Prof. Lasse Lindekilde
Lasse Lindekilde is an Associate Professor at the Department of Political Science, Aarhus University. He holds a PhD from the European University Institute. His research is focused on violent radicalisation and the implementation and effects of counter-terrorism policies. He has published more than 30 papers and book chapters in this domain. His work is interdisciplinary linking insights from Political Science, Political Sociology, Criminology and Social Psychology. Methodologically, he has published work building on both field work, survey research and experimental techniques. Lindekilde’s research is funded by amongst others the European Union, the MINERVA programme and the Danish Research Council. As a returning Visiting Fellow at UCSB, he has conducted experimental research on the effects of small group deliberation on the radicalisation of attitudes and action preparedness. He is currently undertaking research looking at the efficiency of pre-event communication campaigns aimed at interdiction and mitigation of violent extremism.
The situation Mali has hit the headlines quite often in the last years, with journalistic articles and reports mainly focusing on the threat posed by terrorist groups in the country as well as in the region. Besides attracting the attention of the media, the presence of terrorist actors in the country has become a top […]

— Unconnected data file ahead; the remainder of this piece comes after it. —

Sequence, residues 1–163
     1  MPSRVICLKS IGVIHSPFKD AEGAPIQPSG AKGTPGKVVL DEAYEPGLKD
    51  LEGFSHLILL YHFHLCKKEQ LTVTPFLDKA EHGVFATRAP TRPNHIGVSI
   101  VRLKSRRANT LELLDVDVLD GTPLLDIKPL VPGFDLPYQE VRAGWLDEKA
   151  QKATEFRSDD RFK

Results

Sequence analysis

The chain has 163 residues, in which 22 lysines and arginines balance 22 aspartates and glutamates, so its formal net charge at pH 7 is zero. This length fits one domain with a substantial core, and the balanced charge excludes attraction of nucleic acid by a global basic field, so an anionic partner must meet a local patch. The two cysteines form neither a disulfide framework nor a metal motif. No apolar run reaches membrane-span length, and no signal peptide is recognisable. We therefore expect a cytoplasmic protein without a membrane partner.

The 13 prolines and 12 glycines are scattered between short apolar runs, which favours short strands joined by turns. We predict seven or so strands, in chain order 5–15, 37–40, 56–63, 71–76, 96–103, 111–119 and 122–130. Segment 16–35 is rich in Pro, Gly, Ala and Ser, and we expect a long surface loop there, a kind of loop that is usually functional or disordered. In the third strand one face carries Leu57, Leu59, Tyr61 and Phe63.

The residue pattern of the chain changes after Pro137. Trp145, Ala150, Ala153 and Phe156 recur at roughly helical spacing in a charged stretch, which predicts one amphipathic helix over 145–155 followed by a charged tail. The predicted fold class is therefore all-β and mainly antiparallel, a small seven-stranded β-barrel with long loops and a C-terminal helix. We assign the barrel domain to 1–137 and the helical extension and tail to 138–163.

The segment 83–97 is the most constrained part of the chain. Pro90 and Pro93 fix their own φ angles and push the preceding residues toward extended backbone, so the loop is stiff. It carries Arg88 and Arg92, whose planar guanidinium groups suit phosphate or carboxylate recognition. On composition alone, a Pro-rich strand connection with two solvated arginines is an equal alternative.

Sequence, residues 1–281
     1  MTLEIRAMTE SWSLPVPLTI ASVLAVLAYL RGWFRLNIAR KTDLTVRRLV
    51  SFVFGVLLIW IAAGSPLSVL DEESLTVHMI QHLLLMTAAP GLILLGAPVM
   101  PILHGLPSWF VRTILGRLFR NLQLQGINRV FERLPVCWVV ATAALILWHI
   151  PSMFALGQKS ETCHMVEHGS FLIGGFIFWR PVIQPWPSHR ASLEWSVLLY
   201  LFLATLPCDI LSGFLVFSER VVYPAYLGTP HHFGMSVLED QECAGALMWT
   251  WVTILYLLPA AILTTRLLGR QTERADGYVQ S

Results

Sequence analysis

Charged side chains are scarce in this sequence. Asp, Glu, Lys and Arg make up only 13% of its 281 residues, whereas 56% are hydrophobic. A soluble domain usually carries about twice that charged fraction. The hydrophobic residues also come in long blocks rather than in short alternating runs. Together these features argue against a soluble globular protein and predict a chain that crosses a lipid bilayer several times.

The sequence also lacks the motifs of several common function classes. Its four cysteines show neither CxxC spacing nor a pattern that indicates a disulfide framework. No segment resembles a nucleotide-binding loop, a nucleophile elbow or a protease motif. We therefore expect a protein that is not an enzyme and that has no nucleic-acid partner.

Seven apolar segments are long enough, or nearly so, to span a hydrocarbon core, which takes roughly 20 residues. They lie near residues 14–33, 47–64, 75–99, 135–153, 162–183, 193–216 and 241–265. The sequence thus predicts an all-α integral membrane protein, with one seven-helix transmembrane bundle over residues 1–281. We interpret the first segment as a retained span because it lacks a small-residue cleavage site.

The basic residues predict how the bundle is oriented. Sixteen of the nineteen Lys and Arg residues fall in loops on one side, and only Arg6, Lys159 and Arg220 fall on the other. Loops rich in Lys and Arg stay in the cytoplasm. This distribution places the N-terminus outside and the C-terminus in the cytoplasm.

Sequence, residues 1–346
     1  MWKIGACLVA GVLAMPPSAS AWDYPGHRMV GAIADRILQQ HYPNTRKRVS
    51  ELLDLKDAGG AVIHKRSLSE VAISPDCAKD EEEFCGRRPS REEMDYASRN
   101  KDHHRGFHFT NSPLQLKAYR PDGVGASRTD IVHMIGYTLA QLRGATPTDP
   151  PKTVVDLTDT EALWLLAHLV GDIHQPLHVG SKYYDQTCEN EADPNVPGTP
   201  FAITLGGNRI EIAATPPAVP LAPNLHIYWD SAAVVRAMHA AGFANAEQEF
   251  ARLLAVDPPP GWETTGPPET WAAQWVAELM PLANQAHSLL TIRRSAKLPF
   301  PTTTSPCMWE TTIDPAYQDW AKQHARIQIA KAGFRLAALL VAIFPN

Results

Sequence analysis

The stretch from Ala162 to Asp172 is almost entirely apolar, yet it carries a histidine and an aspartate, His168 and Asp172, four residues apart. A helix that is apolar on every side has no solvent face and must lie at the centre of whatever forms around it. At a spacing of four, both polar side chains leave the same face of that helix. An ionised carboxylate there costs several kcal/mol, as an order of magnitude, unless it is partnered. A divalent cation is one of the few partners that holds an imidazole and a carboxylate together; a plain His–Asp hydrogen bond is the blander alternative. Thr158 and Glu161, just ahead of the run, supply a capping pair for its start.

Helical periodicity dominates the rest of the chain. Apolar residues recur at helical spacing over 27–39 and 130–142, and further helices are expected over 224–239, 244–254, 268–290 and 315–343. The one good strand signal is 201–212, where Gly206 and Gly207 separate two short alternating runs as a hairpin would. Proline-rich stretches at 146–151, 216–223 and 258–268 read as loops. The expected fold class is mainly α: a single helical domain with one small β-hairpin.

Some 5000 men, women and children have travelled from Europe to Syria and Iraq since 2012. Less than a year after this process began, European intelligence services started to openly express their concerns about the dangers emanating from the potential return of seasoned fighters. Policy responses, however, were slow in coming and mostly ad hoc, […]
In this Research Paper, Marieke Liem et al provide a bivariate analysis of lone actor terrorists and common homicide offenders. Liem et al’s findings problematise the classification of lone actors as an entity fundamentally different from the sample of single homicide offenders and call for future in-depth assessments of possible differences in homicidal drive.